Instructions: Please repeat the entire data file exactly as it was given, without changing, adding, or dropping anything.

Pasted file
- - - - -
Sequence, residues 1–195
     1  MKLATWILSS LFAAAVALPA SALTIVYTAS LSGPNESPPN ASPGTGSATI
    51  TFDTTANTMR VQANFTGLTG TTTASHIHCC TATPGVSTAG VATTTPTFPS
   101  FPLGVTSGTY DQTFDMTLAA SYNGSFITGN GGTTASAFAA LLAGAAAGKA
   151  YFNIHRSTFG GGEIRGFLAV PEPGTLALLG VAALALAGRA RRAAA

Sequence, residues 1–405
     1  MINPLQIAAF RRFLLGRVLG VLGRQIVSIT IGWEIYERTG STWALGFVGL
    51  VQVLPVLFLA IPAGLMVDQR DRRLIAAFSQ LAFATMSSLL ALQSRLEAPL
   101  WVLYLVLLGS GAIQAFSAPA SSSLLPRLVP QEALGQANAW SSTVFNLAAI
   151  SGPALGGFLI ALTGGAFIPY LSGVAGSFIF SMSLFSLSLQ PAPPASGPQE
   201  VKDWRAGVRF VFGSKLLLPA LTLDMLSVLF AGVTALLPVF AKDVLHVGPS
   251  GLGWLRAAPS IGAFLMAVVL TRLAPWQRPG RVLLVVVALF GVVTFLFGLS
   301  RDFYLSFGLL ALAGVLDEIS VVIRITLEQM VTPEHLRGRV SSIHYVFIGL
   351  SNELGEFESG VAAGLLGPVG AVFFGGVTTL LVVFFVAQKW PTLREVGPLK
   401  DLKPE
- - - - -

Sequence, residues 1–195
     1  MKLATWILSS LFAAAVALPA SALTIVYTAS LSGPNESPPN ASPGTGSATI
    51  TFDTTANTMR VQANFTGLTG TTTASHIHCC TATPGVSTAG VATTTPTFPS
   101  FPLGVTSGTY DQTFDMTLAA SYNGSFITGN GGTTASAFAA LLAGAAAGKA
   151  YFNIHRSTFG GGEIRGFLAV PEPGTLALLG VAALALAGRA RRAAA

Sequence, residues 1–405
     1  MINPLQIAAF RRFLLGRVLG VLGRQIVSIT IGWEIYERTG STWALGFVGL
    51  VQVLPVLFLA IPAGLMVDQR DRRLIAAFSQ LAFATMSSLL ALQSRLEAPL
   101  WVLYLVLLGS GAIQAFSAPA SSSLLPRLVP QEALGQANAW SSTVFNLAAI
   151  SGPALGGFLI ALTGGAFIPY LSGVAGSFIF SMSLFSLSLQ PAPPASGPQE
   201  VKDWRAGVRF VFGSKLLLPA LTLDMLSVLF AGVTALLPVF AKDVLHVGPS
   251  GLGWLRAAPS IGAFLMAVVL TRLAPWQRPG RVLLVVVALF GVVTFLFGLS
   301  RDFYLSFGLL ALAGVLDEIS VVIRITLEQM VTPEHLRGRV SSIHYVFIGL
   351  SNELGEFESG VAAGLLGPVG AVFFGGVTTL LVVFFVAQKW PTLREVGPLK
   401  DLKPE